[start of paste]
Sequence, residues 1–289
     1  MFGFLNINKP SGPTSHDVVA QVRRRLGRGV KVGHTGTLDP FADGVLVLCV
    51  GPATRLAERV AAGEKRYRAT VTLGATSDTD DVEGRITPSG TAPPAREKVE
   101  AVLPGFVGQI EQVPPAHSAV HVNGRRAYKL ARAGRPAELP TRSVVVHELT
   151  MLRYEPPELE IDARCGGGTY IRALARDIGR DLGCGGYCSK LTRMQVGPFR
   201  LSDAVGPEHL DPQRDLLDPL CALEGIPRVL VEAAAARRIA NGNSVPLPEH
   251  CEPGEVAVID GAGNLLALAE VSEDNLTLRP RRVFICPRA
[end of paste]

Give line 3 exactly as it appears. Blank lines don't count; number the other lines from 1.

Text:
    51  GPATRLAERV AAGEKRYRAT VTLGATSDTD DVEGRITPSG TAPPAREKVE